Several factors were found to improve the biocidal performance of blood constituent filters having iodinated resins therein by affecting the contact dynamics within the filters. The fluid dynamics including the velocity of the blood constituent and the residence time thereof in the filter as well as all preferential flows and pressure resistance phenomenon were found to have a direct influence on the biocidal performance of the filters. The elimination of viral particles and bacteria was significantly affected by both the viscosity and the solid content of the blood constituent. As evidenced by Table 3.1, the bacteria, which were successfully eliminated in the plasma through the iodinated resin filtration system, seem to be shielded from the disinfecting agent in the presence of erythrocytes (red blood cells).

TABLE 3.1
Effect of Substrate on E. coli Reduction
at Constant Temperature and Flow Rate
E. coli Reduction
Filter Type Substrate Avg. Std. Dev. n
O blood 56.78 24.56 3
plasma 99.903 0.018 5
BB blood 45.19 32.02 6
plasma 99.90 0.14 2

This phenomenon is less evident with MS2 in which case the disinfection stage possesses a more homogeneous efficacy within the different substrates (blood, plasma or serum) (Table 3.2).

TABLE 3.2
Effect of Substrate on S. aureus Reduction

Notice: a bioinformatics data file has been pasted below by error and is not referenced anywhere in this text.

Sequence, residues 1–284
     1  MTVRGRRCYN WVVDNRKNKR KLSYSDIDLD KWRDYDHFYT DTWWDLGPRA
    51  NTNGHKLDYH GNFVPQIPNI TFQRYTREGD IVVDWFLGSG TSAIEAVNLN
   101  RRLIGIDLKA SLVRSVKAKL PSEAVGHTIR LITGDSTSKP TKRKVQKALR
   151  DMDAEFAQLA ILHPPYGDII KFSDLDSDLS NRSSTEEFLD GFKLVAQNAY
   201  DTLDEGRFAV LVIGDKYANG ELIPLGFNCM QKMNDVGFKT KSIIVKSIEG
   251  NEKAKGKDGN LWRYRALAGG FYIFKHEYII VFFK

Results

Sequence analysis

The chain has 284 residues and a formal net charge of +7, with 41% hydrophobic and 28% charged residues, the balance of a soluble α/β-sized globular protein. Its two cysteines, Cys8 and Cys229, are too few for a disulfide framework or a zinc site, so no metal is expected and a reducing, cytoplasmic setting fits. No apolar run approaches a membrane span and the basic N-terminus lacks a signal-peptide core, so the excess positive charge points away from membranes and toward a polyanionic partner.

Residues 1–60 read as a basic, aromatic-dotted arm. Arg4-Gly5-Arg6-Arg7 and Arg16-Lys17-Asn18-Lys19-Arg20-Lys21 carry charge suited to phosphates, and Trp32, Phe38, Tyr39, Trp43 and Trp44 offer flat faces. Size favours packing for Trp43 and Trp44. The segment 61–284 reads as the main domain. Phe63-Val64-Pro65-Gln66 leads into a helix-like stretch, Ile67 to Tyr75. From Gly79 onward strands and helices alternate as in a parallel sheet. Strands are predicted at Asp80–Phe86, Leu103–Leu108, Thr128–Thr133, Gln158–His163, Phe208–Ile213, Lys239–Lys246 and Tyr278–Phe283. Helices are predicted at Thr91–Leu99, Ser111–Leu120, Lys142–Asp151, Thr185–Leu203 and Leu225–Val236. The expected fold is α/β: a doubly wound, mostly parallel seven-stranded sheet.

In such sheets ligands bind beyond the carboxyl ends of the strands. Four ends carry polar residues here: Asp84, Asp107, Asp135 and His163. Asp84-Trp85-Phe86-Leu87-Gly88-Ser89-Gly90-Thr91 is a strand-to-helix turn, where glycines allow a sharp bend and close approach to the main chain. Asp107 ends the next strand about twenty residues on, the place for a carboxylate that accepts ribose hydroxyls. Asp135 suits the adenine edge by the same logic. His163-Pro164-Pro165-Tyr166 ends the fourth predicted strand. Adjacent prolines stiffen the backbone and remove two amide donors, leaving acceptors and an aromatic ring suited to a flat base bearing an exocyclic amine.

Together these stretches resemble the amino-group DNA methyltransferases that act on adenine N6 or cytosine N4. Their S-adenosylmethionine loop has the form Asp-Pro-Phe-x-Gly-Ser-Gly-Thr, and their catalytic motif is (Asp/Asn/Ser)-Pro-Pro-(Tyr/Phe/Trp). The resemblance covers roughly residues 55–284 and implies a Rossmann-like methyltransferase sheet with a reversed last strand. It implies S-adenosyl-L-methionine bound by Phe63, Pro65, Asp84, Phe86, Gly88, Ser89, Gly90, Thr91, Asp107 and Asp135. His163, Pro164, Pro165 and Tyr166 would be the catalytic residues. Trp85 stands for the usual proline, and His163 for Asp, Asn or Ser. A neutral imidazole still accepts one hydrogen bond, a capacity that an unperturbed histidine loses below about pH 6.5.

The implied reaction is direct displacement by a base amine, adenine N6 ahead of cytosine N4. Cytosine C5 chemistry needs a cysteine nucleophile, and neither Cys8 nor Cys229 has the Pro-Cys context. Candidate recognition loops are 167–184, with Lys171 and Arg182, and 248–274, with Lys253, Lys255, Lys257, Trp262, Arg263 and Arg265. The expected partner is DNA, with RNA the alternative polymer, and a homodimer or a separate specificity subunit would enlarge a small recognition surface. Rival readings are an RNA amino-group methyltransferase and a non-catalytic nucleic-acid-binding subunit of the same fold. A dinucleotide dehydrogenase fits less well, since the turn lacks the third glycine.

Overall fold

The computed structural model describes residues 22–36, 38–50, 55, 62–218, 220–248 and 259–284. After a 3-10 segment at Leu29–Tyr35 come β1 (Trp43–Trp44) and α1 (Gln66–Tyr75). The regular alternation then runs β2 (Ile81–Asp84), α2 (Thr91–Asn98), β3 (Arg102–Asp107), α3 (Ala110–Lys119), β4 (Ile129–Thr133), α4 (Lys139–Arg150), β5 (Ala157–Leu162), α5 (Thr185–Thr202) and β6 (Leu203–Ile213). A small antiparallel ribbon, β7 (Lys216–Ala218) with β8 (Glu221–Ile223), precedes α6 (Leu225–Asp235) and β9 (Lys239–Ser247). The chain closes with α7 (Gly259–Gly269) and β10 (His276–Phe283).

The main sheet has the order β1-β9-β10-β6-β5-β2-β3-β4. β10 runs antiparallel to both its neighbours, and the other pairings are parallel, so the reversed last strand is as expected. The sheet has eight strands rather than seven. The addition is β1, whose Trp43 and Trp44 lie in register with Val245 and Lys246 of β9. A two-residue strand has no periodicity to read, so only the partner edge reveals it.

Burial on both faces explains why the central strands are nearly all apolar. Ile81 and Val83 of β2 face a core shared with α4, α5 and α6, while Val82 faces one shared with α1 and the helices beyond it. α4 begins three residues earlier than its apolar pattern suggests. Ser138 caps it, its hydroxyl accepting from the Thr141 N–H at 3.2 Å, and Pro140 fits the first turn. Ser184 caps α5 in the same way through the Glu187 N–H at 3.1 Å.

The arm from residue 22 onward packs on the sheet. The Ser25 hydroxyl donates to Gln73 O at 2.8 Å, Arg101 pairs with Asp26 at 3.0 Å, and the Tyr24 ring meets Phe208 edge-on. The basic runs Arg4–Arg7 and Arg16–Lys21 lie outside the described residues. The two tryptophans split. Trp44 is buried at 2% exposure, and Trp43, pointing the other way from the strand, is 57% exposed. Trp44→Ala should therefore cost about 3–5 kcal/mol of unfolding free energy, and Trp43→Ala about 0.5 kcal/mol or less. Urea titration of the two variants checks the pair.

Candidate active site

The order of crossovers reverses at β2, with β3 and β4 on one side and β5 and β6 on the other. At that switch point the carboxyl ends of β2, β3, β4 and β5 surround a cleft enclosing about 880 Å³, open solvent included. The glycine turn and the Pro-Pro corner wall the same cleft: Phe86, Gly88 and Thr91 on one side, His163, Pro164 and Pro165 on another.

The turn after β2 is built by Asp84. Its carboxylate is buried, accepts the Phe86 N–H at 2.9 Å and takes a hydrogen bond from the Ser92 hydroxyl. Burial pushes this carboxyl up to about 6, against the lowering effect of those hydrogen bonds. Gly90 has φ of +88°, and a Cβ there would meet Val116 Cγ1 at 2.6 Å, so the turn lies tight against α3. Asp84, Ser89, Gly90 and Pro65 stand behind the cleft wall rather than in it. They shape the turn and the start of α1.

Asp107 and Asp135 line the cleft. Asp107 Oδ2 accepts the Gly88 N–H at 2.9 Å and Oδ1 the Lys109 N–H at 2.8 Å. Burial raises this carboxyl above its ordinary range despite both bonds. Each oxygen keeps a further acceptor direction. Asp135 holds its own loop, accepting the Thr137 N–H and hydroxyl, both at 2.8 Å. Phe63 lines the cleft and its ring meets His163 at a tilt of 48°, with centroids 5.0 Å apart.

at Constant Temperature and Flow Rate
S. aureus Reduction
Filter Type Substrate Avg. Std. Dev. n
BB blood 80.62 9.37 6
plasma 99.9986 0.0008 2

Among scientific reviews, certain phenomenon as such are reported. In fact, a few authors (Weber, Barbee, Sobsey and Rutala, 1999) observed that the presence of blood significantly reduces the antiviral activities of several chemical agents (sodium hypochlorite, a phenolic and a quaternary ammonium compound). In the light of these facts, we believe it is reasonable to hypothesize that specific affinities, due in part to differences in the composition of the membrane as well as the electric charge of the microorganisms, between certain types of blood cells or proteinic components and biological agents might be responsible for preventing adequate contact with the active ingredient and subsequent disinfection.

In order to maximize the contact efficacy created within the filtration system, several strategies were tested for different selected prototypes in order to control the parameters influencing the contact between iodinated resins and microorganisms. The set-up of hydrodynamic diffusers was first studied and optimized in order to decrease the significance of the variations in the reduction linked to the preferential flows and the fluctuations of viscosity values. It was postulated that the addition of diffusers would increase the probability of the fluid coming into contact with the iodinated resins, accomplished in two ways. First, the flow of the blood would be disrupted, causing greater dispersion of the blood over the available iodinated resins surface. Secondly, the diffusers would increase the back pressure of the blood, leading to more thorough contact with the iodinated resins beads. The results of subsequent testing suggested that the use of diffusers contributed to a better control of pressure resistance and a more homogeneous contact between the polymer and microbial entities with less variation observed in biocidal efficacy between similar prototypes.